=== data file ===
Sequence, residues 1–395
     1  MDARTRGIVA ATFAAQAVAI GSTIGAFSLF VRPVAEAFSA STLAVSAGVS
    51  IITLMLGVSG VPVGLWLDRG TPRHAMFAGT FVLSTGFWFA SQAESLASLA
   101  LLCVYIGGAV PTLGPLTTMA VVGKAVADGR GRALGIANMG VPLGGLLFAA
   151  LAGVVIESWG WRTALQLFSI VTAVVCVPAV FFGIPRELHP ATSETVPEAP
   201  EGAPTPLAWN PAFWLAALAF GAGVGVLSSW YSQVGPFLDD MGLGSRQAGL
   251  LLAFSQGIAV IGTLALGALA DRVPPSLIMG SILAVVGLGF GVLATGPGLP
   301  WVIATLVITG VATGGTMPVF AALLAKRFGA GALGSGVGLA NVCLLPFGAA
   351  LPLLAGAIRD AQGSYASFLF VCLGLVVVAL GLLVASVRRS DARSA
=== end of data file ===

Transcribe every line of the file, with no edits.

Sequence, residues 1–395
     1  MDARTRGIVA ATFAAQAVAI GSTIGAFSLF VRPVAEAFSA STLAVSAGVS
    51  IITLMLGVSG VPVGLWLDRG TPRHAMFAGT FVLSTGFWFA SQAESLASLA
   101  LLCVYIGGAV PTLGPLTTMA VVGKAVADGR GRALGIANMG VPLGGLLFAA
   151  LAGVVIESWG WRTALQLFSI VTAVVCVPAV FFGIPRELHP ATSETVPEAP
   201  EGAPTPLAWN PAFWLAALAF GAGVGVLSSW YSQVGPFLDD MGLGSRQAGL
   251  LLAFSQGIAV IGTLALGALA DRVPPSLIMG SILAVVGLGF GVLATGPGLP
   301  WVIATLVITG VATGGTMPVF AALLAKRFGA GALGSGVGLA NVCLLPFGAA
   351  LPLLAGAIRD AQGSYASFLF VCLGLVVVAL GLLVASVRRS DARSA